Rikus Grobler | Oct 18, 2017 | 0
Nedbank’s Seboa to help define cross-border banking
Nedbank Namibia employee, Shaun Seboa was recently chosen as the sole representative from the country to serve on a cross-border banking management body.
As the only representative on the SADC Payment Scheme Management Body (PSMB) Nedbank Namibia employee, Seboa has been tasked to represent the local banking sector on the southern African banking body.
Speaking of his banking career, Seboa said, “during 2012, I got the opportunity to shape and define a Strategic Business Development department, with a focus on electronic channels, while still caretaking the Channel support departments. In March 2015, I joined the best bank (Nedbank) as Electronic Banking Manager, and got the opportunity to move to Strategic Payments in March 2016, where I find myself today.”
According to Seboa, mobile money, cyber security and the SADC payment system model law are just a few of the things the body garnering attention at the inter-regional body.
In terms of the SADC (Southern African Development Community) Finance and Investment Protocol (FIP), the Committee of Central Bank Governors (CCBG) has undertaken to, amongst other things, facilitate cross border payments in SADC. To this end, the SADC Payments System Project Team (the project team) as the CCBG group responsible for payment systems, has initiated a process to develop a framework for an integrated regional payment environment Seboa explained.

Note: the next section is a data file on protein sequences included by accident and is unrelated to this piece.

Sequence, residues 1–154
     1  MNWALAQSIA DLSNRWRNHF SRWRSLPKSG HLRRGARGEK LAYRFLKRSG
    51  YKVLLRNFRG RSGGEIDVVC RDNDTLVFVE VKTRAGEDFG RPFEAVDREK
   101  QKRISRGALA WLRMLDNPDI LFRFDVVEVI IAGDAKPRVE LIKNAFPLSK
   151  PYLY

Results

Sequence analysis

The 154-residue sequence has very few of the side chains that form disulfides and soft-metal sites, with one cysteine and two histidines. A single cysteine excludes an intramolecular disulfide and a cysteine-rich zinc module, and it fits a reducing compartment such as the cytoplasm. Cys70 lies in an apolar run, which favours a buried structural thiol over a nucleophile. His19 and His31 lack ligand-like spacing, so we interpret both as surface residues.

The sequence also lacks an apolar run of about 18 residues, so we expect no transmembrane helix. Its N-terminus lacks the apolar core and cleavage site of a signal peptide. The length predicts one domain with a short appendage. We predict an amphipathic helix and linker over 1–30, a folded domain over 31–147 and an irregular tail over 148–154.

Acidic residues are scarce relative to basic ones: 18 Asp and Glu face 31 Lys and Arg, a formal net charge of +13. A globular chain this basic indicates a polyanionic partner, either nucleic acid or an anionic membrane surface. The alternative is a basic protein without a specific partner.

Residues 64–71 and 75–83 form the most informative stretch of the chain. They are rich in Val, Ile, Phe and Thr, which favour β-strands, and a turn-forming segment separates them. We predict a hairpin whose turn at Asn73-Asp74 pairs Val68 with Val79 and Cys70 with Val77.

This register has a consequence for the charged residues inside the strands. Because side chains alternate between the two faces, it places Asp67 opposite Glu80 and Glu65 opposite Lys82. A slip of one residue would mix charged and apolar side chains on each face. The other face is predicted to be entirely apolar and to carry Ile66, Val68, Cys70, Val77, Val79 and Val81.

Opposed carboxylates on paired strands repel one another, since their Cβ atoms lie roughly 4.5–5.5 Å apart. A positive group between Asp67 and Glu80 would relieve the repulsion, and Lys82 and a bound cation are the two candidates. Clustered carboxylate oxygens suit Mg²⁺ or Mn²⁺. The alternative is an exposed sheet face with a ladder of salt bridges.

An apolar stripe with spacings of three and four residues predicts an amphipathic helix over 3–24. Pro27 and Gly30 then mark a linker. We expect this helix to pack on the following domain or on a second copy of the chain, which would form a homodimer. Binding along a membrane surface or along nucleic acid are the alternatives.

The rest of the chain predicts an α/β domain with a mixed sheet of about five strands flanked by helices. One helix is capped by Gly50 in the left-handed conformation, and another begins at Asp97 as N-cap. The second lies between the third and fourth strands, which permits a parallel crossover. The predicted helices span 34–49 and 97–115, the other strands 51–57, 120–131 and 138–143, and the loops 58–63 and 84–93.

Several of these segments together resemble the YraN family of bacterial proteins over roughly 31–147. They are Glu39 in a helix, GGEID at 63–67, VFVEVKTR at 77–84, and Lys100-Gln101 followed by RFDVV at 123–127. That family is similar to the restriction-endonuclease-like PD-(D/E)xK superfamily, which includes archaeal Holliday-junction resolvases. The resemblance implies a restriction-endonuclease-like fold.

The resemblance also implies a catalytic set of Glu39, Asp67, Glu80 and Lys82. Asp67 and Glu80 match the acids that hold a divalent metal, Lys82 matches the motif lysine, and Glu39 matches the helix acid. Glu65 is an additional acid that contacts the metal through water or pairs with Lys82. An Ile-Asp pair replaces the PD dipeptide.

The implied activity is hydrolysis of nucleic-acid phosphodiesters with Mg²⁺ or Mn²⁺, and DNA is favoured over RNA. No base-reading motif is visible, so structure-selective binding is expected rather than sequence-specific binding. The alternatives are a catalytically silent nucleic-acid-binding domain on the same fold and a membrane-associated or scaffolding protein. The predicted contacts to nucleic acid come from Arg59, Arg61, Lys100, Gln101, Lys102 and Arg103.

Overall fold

Subsequently, I was selected by my industry peers as being fit to represent Namibia on the PSMB. The requirements are that the nominee be of good standing in the local banking industry, have the necessary business and or technical knowledge of the type of payments concerned and also preferably possess suitable academic or vocational qualifications. After being selected my nomination was ratified by the SADC Nomination and Governance Committee.
“In layman’s terms, my role will be to contribute to the development of the SADC Payments frameworks, by providing the Namibian perspective, and the redistribution of feedback back into the Namibian banking industry. This will be enabled by interacting with industry stakeholders and forums with an interest in the SADC Payments Scheme,” Seboa explained.
Relishing in the challenge that lays ahead, he said, “This would add an additional focus area to my current role in Payments, but is seen as an extension of Payments. I have 100% backing and support from my employer as well as my industry peers, so I’m looking forward to the challenge.”
“This would add an additional focus area to my current role in Payments, but is seen as an extension of Payments. I have 100% backing and support from my employer as well as my industry peers, so I’m looking forward to the challenge,’ he concluded.